A One-Day Love Affair with a Pine Marten

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Written by Cassidy Barnes posted on Tuesday, March 9th, 2010

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Back in the spring of 1999, Rockies.com photographer John E. Marriott had one of his most memorable shoots in the Canadian Rockies.

One of Marriott's first shots taken of the pine marten. (Photo courtesy John E. Marriott)

Marriott has been shooting wildlife for more than a decade, but it was on that memorable day in April that he fell in love with a coquettish little pine marten.

As love usually appears, it was unexpected. Marriott had been in Jasper looking for bears, to no avail. Dejected, on his drive back on the Bow Valley Parkway between Banff and Lake Louise he stopped near Castle Mountain.

He was desperate to shoot something, so squeezed off a couple frames of a ground squirrel on top of its burrow. It was then he saw the little pine marten bounding through the forest.

Following the pine marten, he crept towards it with his readied lens and tripod. He got closer and took a few shots just as the pine marten spotted him.

“For the next few minutes, she raced from tree to tree and hopped up onto each trunk to get a better look at me,” Marriott remembers. “I think she was trying to decide if I was dangerous or not and would warrant climbing up higher. For whatever reason, the marten quickly seemed to forget that I was even there and began to hunt again right in front of me.”

Snoozing under a spruce. (Photo courtesy John E. Marriott)

This feeling of invisibility if every photographer’s dream: to witness scenes without disrupting them. With people it’s hard enough, but wildlife is a whole other challenge. Marriott knew that this was a unique experience and stuck with his new furry little friend for the next five hours.

So there they were, happy as clams, the pine marten traipsing through the forest and Marriott photographing and talking to the little creature.

“I watched her stalk, catch and eat three mice and a vole and miss countless others in blurred flurries of action that I didn’t even bother trying to photograph,” he recounts. “She soaked in the sunshine on top of logs, she climbed trees for no apparent reason, she sat and stared at me for long periods of time (and would slowly close her eyes after a while as if to say, can’t you do anything more exciting than take my picture?).”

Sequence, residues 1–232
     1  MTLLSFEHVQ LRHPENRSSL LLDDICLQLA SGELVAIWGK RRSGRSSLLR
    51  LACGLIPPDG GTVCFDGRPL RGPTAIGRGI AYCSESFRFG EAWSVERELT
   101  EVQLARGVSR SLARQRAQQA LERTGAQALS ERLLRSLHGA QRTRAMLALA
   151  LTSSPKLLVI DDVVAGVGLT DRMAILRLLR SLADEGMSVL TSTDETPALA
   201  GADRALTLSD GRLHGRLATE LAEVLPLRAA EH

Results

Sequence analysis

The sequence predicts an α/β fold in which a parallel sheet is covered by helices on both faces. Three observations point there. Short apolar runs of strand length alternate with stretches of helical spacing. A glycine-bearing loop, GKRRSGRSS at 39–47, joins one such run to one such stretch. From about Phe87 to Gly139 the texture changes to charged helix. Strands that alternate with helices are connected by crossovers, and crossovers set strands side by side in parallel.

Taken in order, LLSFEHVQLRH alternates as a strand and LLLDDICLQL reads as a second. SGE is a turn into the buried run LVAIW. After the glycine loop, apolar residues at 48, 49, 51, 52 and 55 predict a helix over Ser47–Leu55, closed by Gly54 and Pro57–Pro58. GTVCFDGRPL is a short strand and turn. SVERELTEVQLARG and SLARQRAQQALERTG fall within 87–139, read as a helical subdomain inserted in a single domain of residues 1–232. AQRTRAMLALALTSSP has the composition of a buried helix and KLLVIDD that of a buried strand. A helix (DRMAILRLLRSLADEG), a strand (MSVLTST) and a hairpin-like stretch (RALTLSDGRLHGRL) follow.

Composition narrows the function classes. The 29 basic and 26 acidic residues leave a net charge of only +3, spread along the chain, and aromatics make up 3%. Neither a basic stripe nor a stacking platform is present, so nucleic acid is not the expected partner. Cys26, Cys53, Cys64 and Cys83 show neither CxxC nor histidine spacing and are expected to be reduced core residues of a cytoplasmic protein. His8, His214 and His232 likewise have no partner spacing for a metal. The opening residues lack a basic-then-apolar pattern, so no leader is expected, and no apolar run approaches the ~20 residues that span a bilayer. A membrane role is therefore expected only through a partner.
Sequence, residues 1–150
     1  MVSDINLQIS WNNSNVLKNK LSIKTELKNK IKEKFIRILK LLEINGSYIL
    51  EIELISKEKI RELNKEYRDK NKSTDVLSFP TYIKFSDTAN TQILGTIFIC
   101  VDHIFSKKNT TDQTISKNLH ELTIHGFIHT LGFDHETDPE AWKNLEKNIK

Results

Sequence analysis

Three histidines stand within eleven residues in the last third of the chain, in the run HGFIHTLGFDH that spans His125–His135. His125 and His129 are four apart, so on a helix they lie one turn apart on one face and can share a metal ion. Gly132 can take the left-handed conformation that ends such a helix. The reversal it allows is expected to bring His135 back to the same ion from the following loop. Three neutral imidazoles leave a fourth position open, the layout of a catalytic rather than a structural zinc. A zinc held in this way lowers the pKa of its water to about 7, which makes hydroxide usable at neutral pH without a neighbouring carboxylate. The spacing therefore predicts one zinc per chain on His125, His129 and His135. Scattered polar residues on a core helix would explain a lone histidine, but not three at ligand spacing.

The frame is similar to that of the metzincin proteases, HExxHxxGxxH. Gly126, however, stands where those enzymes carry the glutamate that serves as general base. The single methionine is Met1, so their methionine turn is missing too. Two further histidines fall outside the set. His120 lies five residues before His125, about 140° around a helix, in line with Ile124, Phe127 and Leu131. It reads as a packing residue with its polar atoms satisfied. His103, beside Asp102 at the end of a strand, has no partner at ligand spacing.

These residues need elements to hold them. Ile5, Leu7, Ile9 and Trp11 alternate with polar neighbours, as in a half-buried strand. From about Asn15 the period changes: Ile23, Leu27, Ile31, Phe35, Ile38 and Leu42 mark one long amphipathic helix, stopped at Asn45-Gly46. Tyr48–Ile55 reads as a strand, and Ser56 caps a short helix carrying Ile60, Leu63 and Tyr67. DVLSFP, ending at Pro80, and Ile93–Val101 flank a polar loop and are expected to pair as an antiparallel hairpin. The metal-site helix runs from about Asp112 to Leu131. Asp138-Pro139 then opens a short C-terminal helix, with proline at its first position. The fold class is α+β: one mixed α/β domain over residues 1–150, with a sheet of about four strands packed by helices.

Marriott had even gained enough confidence to have the pine marten take a nap just a few feet away under a spruce tree.

“I was in the sunshine and so was she, so for an hour and fifteen minutes we basked in the warm sun together and I thought to myself over and over again that life doesn’t get any better,” Marriott fondly remembers.

Intimate portrait of the little pine marten. (Photo courtesy John E. Marriott)

When he finally decided to leave, the pine marten glanced up to see where he was going and stayed put. Two hours later Marriott came back and checked on the spruce tree napping spot, but she wasn’t there.

“I began to walk in a big circle through the forest to see if I could find her again and as soon as I started talking (which I had been doing for most of our encounter), she came bounding from about a hundred yards away up onto a log twenty yards in front of me,” Marriott said. “It was so unbelievable that I can’t even put it into words. If it’s at all possible, I would swear that she had missed not having me around.”

Marriott stuck around for another hour and saw her catch a vole, eat it and nod off to sleep less than 10 feet away. Before he left, he took a few more intimate portraits of the American marten and sadly parted ways.

To see more pine marten and other wildlife photographs by John E. Marriot visit his website www.wildernessprints.com.

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